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Author Topic: USB CW interface question  (Read 1460 times)
AF5CC
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Posts: 834




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« on: March 19, 2013, 07:00:11 AM »

Is there a simple, inexpensive interface to go between a USB port and the CW jack on a radio to allow contest logging programs like N1MM and NA to be used as a memory keyer?

John AF5CC
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NR4C
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« Reply #1 on: March 19, 2013, 07:28:40 AM »

Yes.....

you will need a 1K resistor and a 2N2222 transistor.  On the 9 pin RS-232 connector, Pin 5 is grnd, Pin 7 is RTS and Pin 4 is DTR.

Now, the resistor goes between either RTS or DTR (dependig which you want to use for CW keying) and the BASE of the transistor.  The COLLECTOR goes to the KEY jack on your radio, and the EMITTER connects to the SHIELD of the KEY cable, and also to PIN 5 (GND) of the 9 Pin connector.

The web site http://www.aa5au.com/rttyinterface.html has more information on this including schematic and how to setup for PTT and also FSK.

...bill  nr4c
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AA4PB
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« Reply #2 on: March 19, 2013, 08:09:36 AM »

Since you said "USB", you'll also need a USB-Serial converter cable and the appropriate virtual com port driver for your operating system.
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K5LXP
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« Reply #3 on: March 19, 2013, 09:26:18 AM »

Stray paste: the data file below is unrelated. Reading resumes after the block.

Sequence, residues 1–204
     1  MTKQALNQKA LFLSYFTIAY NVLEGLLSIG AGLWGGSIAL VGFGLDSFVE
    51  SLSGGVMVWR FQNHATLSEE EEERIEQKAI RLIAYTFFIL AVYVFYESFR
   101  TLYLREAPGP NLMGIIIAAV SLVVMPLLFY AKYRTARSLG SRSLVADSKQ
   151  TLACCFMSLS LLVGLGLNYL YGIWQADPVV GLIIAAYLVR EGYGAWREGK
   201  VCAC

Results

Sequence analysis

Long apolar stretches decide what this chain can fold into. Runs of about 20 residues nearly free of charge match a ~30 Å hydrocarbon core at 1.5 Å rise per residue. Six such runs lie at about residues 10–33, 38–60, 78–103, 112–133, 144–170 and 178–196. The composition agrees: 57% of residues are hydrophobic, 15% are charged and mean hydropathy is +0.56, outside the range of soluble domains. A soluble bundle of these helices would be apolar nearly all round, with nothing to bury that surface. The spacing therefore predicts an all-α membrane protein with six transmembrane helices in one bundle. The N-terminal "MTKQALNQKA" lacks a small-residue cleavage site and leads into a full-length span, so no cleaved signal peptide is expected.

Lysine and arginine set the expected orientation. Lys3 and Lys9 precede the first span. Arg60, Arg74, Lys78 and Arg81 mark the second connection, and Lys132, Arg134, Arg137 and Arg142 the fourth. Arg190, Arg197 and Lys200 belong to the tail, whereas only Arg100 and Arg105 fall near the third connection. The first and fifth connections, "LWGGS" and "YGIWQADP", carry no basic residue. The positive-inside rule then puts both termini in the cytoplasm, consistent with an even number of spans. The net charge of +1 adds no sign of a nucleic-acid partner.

Winkeyers are almost universally supported by logging programs these days and is a better way to go than a big-banged serial port.

http://k1el.tripod.com/wkusb.html


Mark K5LXP
Albuquerque, NM
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NR4C
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« Reply #4 on: March 19, 2013, 10:34:04 AM »

AA4PB, thanks for adding that little detail!  When he said USB, I assumed (bad practice) that he meant "USB>SERIAL" adapter.

Now, if some aspiring ham woutld combine a FTDI chip, and the transistor switches on a small circuit board with appropriate cabling, that would be neat.

I do realize the WINKEYER USB will provide the CW action, but it costs a lot more that the simple switch that will fit inside the D-Sub shell (which is the most expenseve part of the project) and will also work for PTT and also FSK (which the WINKEY USB won't do).

...bill  nr4c
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K5LXP
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« Reply #5 on: March 19, 2013, 07:16:26 PM »

  if some aspiring ham woutld combine a FTDI chip, and the transistor switches on a small circuit board with appropriate cabling, that would be neat.

You just described a winkeyer.  It even uses an FTDI interface.  You can't bit bang one of those though.

Quote
the WINKEYER USB will provide the CW action, but it costs a lot more that the simple switch

No question about that.

Quote
also work for PTT and also FSK (which the WINKEY USB won't do).